Transportation Knows Neither Red Nor Blue

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With the Grow America Act gaining national attention and an increasing number of states raising their gas tax, our nation’s infrastructure funding needs are being addressed more intentionally. However, with the federal surface transportation bill (MAP-21) expiring at the end of May, Congress is running out of time to pass a sustainable funding solution.

In Michigan, standing alongside Governor Rick Snyder, DOT Secretary Anthony Foxx pitched the Grow America Act that would tax corporations’ overseas profits and gasoline to raise $478 billion over six years for road and transit improvements. Gov. Snyder is campaigning for a proposal to raise more than $1 billion for statewide road improvements in Michigan. Both of these transportation bills seek to efficiently fund underinvested roads. In response to Foxx and Snyder’s propositions and to motivate bipartisan cooperation to find a sustainable funding solution, Rep. Debbie Dingell noted that, “We don’t have Democratic or Republican potholes.”

Democratic and Republican legislators in several states throughout the country have either made or proposed gas tax increases. According to The Atlantic, Republican governors in Utah, Iowa, Georgia, Michigan and South Dakota have proposed gas tax increases. In Utah, a Republican state senator, Kevin Van Tassell, said that the gas tax, “might be dying but it’s not dead and it’s probably the cheapest and most effective tax we have to administer and collect.” Clearly governors of both parties are realizing that raising their gas tax is a necessary step to funding aging infrastructure.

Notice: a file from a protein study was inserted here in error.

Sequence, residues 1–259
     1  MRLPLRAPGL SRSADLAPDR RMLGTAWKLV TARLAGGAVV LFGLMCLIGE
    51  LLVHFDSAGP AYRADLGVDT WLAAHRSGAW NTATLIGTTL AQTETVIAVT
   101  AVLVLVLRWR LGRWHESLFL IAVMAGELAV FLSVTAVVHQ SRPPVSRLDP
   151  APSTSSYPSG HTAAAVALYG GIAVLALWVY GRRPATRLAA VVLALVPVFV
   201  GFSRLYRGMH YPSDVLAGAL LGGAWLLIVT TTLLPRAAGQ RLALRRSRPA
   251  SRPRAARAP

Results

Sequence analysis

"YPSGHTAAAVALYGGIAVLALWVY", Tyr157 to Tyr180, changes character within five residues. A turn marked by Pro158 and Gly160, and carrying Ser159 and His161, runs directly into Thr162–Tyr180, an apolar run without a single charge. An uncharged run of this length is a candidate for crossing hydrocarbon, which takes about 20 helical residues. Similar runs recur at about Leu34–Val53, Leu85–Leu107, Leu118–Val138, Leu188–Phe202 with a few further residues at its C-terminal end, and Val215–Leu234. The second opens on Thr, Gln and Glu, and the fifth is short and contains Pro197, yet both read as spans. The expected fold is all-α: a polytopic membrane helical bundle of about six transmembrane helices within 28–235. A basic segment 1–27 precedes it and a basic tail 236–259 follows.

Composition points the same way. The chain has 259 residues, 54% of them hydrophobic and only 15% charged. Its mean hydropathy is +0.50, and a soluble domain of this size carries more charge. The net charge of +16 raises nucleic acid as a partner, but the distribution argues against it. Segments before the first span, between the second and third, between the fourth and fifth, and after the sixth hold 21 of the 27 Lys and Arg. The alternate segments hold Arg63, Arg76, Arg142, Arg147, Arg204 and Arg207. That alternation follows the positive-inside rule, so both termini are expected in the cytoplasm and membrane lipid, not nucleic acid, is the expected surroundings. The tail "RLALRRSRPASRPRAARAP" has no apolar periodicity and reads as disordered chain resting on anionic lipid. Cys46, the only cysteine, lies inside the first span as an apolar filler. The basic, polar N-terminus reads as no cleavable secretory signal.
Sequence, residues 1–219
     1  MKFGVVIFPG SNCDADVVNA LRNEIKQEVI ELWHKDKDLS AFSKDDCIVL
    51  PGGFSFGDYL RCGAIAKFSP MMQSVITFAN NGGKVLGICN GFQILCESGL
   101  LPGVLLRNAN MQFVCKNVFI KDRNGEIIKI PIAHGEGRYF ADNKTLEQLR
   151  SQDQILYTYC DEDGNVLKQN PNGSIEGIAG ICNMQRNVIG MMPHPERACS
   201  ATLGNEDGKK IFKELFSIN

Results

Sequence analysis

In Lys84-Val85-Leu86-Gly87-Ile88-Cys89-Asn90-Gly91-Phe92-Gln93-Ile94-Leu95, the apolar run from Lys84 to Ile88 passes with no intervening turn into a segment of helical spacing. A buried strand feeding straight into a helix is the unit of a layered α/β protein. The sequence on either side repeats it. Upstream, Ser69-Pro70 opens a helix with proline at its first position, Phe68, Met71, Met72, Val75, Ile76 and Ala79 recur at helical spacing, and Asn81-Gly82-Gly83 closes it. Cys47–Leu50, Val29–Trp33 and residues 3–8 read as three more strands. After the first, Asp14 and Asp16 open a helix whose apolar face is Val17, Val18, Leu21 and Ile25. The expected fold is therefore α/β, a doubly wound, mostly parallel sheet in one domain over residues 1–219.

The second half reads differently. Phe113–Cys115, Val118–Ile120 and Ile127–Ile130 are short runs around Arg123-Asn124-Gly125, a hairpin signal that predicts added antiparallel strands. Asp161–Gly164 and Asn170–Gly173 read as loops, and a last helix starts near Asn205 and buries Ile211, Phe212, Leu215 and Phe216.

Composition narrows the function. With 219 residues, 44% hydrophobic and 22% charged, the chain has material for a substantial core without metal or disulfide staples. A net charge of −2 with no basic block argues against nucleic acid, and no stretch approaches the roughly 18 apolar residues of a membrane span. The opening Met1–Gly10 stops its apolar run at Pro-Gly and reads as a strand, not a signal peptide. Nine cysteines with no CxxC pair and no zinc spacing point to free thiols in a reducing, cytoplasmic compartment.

These state and federal propositions are steps in the right direction for restoring our nation’s infrastructure. Given the Highway Trust Fund’s impending insolvency, it is more critical than ever that Congress work together to pass legislation to provide a sustainable, long-term funding solution to #FixTheTrustFund.

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